In an interview, Rosie Flores discussed the title cut of her 2012 album Working girl’s guitar:
There’s a friend of mine who does, well, everything. He does bodywork, he’s written books on rolfing, how to play the banjo, and how to play the upright bass. His name is Ritchie Mintz.
I went to him a couple years ago and said, “You know, I’ve got too many guitars, and I need to come up with some money. Are you interested in maybe getting one of my Taylors?” I brought it over, he looked at it, turned it over and said, “Man, this is a working girl’s guitar! Look at all the scars on it. This has been on some airplanes and trucks and cars, hasn’t it?” “Yep, it’s been around!” I said.
And so that night he bought the guitar. He called me up the next day and said, “Rosie, you’re not going to believe this, but your guitar wrote a song for you.” I said, “For me? My guitar wrote a song for me?” And he went, “Yep!” So I came over and listened to it, and was just blown away. I said, “That is such a cool song, Ritchie!” So I just turned up the distortion and the overdrive pedal and went to town on that riff and just had a great time with that.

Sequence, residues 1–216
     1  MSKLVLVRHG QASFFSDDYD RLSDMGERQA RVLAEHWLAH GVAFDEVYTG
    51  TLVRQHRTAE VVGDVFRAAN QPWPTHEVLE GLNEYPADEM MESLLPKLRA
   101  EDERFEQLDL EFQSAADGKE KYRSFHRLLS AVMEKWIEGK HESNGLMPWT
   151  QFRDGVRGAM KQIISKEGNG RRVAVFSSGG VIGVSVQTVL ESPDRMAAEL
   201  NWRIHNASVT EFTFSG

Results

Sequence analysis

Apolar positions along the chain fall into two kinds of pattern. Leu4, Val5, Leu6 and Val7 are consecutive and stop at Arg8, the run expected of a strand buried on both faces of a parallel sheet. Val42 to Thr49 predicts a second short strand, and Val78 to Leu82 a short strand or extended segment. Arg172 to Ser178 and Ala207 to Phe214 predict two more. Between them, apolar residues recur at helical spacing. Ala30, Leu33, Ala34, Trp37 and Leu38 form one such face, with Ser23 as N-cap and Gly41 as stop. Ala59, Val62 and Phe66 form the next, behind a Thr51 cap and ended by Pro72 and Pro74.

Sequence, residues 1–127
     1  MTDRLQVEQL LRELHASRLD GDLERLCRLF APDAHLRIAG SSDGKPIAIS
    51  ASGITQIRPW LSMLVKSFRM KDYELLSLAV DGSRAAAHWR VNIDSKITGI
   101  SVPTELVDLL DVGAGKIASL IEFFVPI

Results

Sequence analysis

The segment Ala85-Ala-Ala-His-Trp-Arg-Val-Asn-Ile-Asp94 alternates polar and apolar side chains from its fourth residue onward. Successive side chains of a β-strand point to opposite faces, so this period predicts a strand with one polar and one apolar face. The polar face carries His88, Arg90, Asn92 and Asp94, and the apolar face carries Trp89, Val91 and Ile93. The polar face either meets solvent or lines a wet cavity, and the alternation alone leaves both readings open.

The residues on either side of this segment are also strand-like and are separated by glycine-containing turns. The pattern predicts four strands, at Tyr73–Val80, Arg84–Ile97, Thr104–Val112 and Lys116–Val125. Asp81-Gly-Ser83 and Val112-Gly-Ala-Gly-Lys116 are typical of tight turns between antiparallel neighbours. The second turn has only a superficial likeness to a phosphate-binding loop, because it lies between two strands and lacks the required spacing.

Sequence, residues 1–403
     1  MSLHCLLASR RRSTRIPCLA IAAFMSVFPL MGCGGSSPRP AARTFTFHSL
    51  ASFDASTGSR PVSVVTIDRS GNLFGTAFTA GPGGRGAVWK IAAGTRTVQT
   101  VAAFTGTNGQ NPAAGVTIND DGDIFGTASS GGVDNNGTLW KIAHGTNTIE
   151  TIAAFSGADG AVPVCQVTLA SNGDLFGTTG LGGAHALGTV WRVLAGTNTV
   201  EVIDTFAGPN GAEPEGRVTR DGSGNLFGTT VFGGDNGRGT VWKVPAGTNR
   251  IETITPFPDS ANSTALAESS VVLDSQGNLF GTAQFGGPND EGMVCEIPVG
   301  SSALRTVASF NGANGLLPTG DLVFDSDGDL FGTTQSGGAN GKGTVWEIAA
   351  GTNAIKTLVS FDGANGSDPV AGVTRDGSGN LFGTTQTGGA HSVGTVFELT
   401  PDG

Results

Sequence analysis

Quoted in “Guitar girl’d: Interview with Rosie Flores on the release of Working girl’s guitar” by Laura B. Whitmore (Guitar world 25 October 2012; RILM Abstracts 2012-45948).
Today is Flores’s 70th birthday! Above, Flores at the 67th Annual Peabody Awards in 2008; below, a live performance of the song.
In the mid-1980s Congo-Brazzaville was chafing under the heel of a military regime that fed its impoverished people irrelevant political slogans while the elite dined on champagne and caviar. Zao, a humorous band led by Casimir Zoba, a former schoolteacher in a comical pseudo-military uniform singing in an extravagant mixture of Senegalese French and local slang, seemed to pose no real threat to the authorities.
But Zoba was no ordinary humorist or village idiot, and underneath his buffoonish image was a hard-edged political and social critic. While Zao’s music was tolerated as comic relief, the group delivered sharp critiques of bureaucracy, corruption, gender relations, and abuse of power in the “champagne socialism” of the military dictatorship.
This according to “Couching political criticism in humor: The case of musical parodies of the military in Cameroon and Congo-Brazzaville” by Lyombe S. Eko, an essay included in Music and messaging in the African political arena (Hershey: IGI Global, 2019, 87–107; RILM Abstracts 2019-16663).
Below, Ancien combattant, Zao’s most popular song, and a case study in the article.
In an interview, Audra McDonald discussed Lady Day at Emerson’s Bar and Grille, for which she won the Best Actress in a Play Tony Award in 2014.
“It’s about a woman trying to get through a concert performance, which I know something about, and she’s doing it at a time when her liver was pickled and she was still doing heroin regularly.”